It was already very close to the end of the tax year and Mr C knew that there was a limit on the amount he could invest in any one tax year.

He therefore decided to open an ISA account right away and to invest half of his inheritance. He planned to pay in the rest of the money as soon as the new tax year started.

Mr C applied online for a cash ISA provided by a major bank. As he was not a customer of this bank he was asked to send the bank some documents confirming his identity before it could set up the ISA for him.

Three days after that, Mr C called in at a local branch of the bank with his documents. He was told they would be sent through the bank's internal mail system to its ISA processing department, which would then get in touch with him.

Mr C was very disappointed when he found the bank had failed to open his ISA account before the end of the tax year.

He complained that this had caused him considerable inconvenience, as he was not able to invest his money in the way he had intended. He was only able to put half of his inheritance into the ISA and had to place the remainder in an ordinary savings account.

In its response, the bank said that its ISA processing department had received Mr C's identity documents just two working days before the end of the tax year. This did not leave enough time to process his application before tax year ended.

Mr C then referred his complaint to us.

complaint upheld
The bank had been entitled to ask Mr C to confirm his identity before it opened the cash ISA. But we noted that the bank had not given him any indication of deadlines, to help ensure the cash ISA could be opened before the end of the tax year.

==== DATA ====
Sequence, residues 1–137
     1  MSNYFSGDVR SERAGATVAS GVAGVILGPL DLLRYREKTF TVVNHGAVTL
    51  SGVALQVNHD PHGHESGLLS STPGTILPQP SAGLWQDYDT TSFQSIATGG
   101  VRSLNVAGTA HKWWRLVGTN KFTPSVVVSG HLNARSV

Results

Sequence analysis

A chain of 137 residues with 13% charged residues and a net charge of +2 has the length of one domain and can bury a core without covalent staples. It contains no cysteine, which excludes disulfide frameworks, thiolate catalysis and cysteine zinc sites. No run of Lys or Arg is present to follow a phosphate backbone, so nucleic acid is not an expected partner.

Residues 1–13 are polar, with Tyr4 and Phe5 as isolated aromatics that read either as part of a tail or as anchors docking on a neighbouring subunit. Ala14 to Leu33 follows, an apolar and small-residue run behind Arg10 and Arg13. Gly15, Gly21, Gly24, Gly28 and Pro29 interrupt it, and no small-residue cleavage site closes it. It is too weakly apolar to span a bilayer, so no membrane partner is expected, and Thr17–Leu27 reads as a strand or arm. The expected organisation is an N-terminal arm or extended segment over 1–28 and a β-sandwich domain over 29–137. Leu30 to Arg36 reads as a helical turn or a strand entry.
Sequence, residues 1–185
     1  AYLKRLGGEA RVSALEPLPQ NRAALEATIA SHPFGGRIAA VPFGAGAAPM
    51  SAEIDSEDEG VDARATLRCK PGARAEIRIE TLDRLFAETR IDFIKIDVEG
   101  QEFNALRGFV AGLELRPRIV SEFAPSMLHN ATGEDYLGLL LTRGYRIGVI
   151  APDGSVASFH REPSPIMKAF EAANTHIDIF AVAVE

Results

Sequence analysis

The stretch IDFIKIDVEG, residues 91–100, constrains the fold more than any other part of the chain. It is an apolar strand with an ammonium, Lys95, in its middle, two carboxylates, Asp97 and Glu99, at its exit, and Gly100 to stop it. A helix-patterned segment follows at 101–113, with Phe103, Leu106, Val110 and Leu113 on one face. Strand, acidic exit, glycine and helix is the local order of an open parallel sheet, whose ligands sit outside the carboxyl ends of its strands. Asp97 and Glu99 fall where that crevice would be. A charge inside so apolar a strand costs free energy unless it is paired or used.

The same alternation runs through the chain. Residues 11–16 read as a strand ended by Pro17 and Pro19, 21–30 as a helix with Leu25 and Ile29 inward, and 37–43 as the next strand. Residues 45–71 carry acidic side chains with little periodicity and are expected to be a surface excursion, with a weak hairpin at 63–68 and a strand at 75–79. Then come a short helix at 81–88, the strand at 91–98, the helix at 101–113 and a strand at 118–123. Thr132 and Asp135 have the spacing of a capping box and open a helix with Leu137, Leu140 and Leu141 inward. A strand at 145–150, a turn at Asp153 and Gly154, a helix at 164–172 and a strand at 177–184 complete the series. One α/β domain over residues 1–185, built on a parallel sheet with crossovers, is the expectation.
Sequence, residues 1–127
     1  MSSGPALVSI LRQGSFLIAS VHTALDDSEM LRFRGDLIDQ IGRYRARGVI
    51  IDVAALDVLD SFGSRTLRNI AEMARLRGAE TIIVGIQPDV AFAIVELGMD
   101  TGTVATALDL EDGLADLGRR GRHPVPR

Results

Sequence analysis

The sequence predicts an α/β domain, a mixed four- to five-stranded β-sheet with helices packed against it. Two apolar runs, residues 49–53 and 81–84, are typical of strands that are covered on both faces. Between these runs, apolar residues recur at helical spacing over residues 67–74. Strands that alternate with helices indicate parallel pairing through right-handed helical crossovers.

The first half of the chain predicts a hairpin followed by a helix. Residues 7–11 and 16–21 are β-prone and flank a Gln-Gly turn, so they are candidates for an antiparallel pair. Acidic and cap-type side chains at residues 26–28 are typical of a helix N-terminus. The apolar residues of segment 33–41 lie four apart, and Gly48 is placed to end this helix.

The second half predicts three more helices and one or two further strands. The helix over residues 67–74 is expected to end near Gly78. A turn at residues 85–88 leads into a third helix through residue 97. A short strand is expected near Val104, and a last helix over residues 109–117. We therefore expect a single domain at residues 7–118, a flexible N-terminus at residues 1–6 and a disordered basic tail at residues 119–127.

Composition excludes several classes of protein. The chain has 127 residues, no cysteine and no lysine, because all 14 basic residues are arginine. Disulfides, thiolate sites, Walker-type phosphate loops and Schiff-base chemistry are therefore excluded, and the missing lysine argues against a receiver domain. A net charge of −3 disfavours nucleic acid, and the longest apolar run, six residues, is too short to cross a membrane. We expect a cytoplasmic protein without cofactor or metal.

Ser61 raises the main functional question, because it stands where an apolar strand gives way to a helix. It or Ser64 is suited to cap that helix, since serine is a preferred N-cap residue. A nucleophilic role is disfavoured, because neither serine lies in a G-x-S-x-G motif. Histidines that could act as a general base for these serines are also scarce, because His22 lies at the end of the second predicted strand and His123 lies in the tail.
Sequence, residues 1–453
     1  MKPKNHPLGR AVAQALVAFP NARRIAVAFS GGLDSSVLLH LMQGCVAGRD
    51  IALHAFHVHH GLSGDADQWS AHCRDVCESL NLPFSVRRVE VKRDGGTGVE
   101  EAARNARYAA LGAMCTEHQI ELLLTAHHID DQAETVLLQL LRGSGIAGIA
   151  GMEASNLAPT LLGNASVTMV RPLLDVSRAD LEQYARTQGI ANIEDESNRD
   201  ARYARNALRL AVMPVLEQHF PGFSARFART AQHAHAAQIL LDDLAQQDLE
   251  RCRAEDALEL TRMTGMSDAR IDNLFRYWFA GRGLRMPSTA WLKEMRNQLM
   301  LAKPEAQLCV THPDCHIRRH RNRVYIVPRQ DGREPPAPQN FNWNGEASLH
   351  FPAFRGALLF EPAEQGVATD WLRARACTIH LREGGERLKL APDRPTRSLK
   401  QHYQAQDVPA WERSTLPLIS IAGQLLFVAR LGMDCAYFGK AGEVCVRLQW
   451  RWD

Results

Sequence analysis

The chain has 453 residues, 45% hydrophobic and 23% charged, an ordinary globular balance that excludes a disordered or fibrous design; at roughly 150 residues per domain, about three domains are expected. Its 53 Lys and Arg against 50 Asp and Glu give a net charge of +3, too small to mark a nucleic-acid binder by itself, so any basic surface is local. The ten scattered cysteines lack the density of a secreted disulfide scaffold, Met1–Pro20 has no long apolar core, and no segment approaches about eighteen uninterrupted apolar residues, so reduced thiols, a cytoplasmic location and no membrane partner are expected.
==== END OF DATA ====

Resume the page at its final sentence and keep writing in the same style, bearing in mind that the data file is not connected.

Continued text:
The transfer of his documents from the bank branch to the ISA processing department took three days. This meant they arrived too late for the bank to deal with them and set up the ISA before the tax year ended.

We accepted Mr C's point that if he had known how long the internal transfer would take, he would have made his own arrangements to get his documents to the processing department more quickly.

We upheld the complaint. We told the bank to pay Mr C the difference between the interest rate he would get on the money he had now put in a savings account, and the amount he would have got, if he had been able to invest it in the ISA, in the previous tax year.

There was nothing in the circumstances of Mr C's case to make us depart from our established approach, as set out in our online technical resource.

So we said the bank should pay interest, calculated on the assumption that Mr C would have kept this money in the cash ISA for five years. In addition, we told the bank to pay Mr C £100 for the inconvenience it had caused him.

consumer complains that bank refused to deal with cash ISA application that arrived after the deadline

Mrs B decided to apply for her bank's fixed-rate cash ISA after picking up a leaflet about it in her local bank branch. She completed her application form and - because there was a time limit for applications - she posted it to the bank using next-day recorded delivery.